I've just settled in with a steaming mug of Medium Roast Cafe Mbeya, Fair Trade Organic Tanzanian Coffee from Level Ground Trading LTD. My nose tingles with the aroma of a fresh homemade brew and I relish this moment of quiet.
Earlier this week, I joined our local Homeschooling Association for a home tour. My husband and I have decided to homeschool and because I feel nervous about the decision and inadequate for the task, I've started to attend monthly homeschool meetings to observe successful homeschooling families and to learn some ideas and tips for starting. I have enjoyed it immensely and have been challenged and inspired by the other men and women in the group. There are over 100 of us.
During the home tour, we took a peek inside the inner workings of four homes over a two hour period. The idea was to give us a chance to see how other families create a space for homeschooling. We were free to ask any questions and to hear about preferred curriculum.
The first woman received us at the door with a warm smile and then quickly stepped back and out of the way so we didn't collide with her nine-month pregnant belly. She looked to be in her mid to late-30's and was carrying her 8th baby. She and her husband own a farm and greenhouse on their property and work out of their home. She homeschools six of their children, since number seven is just two years old.
Their upstairs consisted of a family/music room, office, play room, kitchen, bathroom, master bedroom and school room. They recently renovated the basement to accomodate three bedrooms for the children. They have three computers divided between the office and school room. And their kitchen table was at least ten feet long. Unbelievable. Her home was well-organized and tidy and seemed to run like a well-oiled machine.
The school room had four old-fashioned, wooden school desks in a line and two more chairs at a table toward the back of the room. She had crafts and booklets and projects hanging from the ceiling like mobiles. In front of the school desks was a large office desk where she sits and teaches and marks. Behind her desk was a chalkboard and large white board. She uses a lot of Amish curriculum called Rod and Staff. And characterizes herself as someone who needs a lot of lists and schedules.
The second home we visited was more of a "loose style" of homeschooling. As we entered, I noticed two full drum sets, a set of bongo drums, a guitar and a tambourine. A LONG piece of paper (actually a BUNCH of papers taped together) lined the space between the top of the wall and the ceiling, like a wall-paper border. On it, were various pictures and dates to comprise a time line from the beginning of creation (in Genesis) until our present time. I thought this was a great idea!
The main school "room" was just off the kitchen in a nook or dining room area. They installed floor-to-ceiling book cases that hold different folders, readers, curriculum, magazines and books. The mom had a large desk and her four kids had small, old-fashioned school desks nearby. She also uses Rod and Staff Curriculum as well as Sonlight.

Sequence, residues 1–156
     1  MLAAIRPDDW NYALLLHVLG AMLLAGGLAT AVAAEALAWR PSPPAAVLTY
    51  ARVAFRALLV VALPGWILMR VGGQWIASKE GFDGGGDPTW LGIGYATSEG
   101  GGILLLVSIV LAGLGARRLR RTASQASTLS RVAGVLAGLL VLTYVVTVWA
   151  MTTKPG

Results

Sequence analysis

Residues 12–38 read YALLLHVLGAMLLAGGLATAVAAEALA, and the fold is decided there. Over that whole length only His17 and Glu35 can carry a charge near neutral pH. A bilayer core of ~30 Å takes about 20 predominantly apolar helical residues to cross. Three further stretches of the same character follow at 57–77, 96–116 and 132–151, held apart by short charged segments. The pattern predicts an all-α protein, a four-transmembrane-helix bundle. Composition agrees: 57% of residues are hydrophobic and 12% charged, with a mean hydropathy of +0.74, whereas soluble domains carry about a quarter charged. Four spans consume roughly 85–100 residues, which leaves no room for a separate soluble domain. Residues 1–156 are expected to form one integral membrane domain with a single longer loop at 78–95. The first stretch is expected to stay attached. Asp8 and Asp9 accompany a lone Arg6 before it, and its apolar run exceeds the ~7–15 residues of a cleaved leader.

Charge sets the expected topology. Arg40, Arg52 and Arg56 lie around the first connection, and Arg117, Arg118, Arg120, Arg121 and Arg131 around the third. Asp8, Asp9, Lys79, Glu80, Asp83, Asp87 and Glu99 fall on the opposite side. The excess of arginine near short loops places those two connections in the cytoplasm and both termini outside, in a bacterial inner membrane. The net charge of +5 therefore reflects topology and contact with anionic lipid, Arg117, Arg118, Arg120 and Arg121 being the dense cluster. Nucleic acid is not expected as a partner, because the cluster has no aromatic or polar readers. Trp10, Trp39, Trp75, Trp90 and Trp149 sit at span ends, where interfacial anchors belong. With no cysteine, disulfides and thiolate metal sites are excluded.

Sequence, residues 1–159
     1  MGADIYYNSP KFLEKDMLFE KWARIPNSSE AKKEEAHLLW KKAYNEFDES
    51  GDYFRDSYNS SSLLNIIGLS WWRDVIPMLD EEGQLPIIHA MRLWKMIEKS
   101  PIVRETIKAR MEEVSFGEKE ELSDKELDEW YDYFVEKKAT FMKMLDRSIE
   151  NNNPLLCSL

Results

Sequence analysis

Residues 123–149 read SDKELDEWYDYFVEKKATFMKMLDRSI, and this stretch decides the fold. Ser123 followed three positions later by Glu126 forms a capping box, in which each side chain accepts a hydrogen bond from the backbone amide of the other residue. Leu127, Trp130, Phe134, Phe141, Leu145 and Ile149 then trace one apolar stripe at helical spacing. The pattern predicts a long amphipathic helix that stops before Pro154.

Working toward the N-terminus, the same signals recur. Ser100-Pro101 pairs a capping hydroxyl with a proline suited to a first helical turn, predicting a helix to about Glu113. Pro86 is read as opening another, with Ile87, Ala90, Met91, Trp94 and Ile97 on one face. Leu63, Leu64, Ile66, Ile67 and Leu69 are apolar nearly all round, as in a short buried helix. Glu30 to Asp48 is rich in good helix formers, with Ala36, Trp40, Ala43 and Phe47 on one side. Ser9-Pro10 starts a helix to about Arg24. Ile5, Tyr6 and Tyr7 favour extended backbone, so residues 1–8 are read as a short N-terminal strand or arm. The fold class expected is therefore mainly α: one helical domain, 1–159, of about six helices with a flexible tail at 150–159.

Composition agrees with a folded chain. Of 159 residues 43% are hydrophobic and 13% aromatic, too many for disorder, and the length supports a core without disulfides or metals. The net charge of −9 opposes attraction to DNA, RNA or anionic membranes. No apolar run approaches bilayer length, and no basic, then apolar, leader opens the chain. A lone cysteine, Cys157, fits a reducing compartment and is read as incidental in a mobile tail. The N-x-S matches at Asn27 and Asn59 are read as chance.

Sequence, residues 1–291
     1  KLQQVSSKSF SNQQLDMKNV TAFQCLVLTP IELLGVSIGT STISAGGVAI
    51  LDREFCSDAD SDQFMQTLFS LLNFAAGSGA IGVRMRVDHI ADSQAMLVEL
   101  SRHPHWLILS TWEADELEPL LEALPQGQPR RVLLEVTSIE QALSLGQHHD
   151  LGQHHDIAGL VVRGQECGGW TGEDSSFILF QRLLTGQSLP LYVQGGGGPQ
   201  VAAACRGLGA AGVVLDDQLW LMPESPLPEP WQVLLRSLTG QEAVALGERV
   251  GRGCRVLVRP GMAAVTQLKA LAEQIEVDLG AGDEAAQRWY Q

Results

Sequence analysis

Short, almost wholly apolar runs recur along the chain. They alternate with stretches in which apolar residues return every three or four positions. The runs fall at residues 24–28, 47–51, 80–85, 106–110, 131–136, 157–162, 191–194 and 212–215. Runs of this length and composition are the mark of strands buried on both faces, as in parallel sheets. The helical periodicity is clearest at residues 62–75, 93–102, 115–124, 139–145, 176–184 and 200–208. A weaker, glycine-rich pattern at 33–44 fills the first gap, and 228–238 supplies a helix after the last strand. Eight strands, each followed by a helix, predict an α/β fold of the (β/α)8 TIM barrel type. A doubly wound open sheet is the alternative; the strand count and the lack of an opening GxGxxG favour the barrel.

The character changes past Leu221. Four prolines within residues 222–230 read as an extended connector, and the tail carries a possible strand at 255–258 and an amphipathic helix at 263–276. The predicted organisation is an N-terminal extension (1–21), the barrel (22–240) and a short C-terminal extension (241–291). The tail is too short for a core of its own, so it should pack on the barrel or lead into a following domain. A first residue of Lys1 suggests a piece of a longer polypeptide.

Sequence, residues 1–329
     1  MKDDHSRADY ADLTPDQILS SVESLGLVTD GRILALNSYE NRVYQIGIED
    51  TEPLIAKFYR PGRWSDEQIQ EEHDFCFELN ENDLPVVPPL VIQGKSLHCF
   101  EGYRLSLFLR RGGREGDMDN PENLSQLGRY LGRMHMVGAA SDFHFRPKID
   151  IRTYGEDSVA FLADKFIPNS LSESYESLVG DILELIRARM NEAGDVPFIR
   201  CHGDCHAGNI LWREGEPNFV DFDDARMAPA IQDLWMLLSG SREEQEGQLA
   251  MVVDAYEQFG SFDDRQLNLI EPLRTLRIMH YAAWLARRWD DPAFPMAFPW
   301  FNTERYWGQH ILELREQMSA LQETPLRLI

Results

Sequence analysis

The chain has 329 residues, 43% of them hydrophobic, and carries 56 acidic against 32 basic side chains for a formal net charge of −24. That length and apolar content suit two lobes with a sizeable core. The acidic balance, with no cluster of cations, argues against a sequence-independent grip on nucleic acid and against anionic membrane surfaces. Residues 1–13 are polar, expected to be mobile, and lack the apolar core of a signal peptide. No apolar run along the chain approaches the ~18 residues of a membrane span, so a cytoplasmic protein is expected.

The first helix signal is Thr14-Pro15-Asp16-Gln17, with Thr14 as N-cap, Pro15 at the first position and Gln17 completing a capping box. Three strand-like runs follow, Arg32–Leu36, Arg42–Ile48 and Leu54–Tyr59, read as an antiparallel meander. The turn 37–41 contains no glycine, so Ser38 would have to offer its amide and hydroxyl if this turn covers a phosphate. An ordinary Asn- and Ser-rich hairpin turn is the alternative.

The third family converted their entire basement suite into a school area. The suite's kitchen was a storage area for craft supplies, toys and science project materials. In the center of the main room was a large round table and around it were bookshelves and display cases and a large desk with a computer. This family has two kids with the youngest one just three years old. She seemed very organized and her 6 year-old-son's projects looked nearly perfect, as though an adult had completed them. I suppose that is part of having only one child to focus on at a time.
This woman LOVES science projects and stumbled upon a great resource for ideas called :Lentil Science. The whole idea behind Lentil Science is the importance of using simple, everyday objects to teach science whenever possible. They teach children to calibrate a container using a scoop, pen and tape, and bowl of lentils, how to weigh a certain amount of lentils and other simple scientific experiments.
I enjoyed seeing how much she loved what she was doing and got excited about each new project of the day. She used to be a school teacher and consultant for Creative Memories Scrapbooking and seems to incorporate these areas of expertise (and creativity) into her homeschooling.
The final home on our tour was owned by a single mom in her 40's who is homeschooling her 13- year-old for the first time. Her daughter was having difficulty in school and expressed a desire to be homeschooled, so they decided to give it a try. She reads a lot of books and since she wants to be a veterinarian, they focus on curriculum and stories that involve animals.
They have a large home and since it is the two of them, they are able to spread out and study whereever they want to. The downstairs suite has a computer and TV that they use for multimedia curriculum, and the upstairs has an extra room and bathroom that they've converted into a school room with a large, cushioney reading chair and a tidy desk for writing.
For most of our time at the last house, we discussed a curriculum called Character Studies which sounds really interesting. She pulled out samples that she is using with her daughter and I jotted down some information that I want to research over the next months as I decide on the curriculum to use.
I really enjoyed the chance to take a look at what works for other like-minded families. I am excited to craft a vibrant educational space for our family over the summer.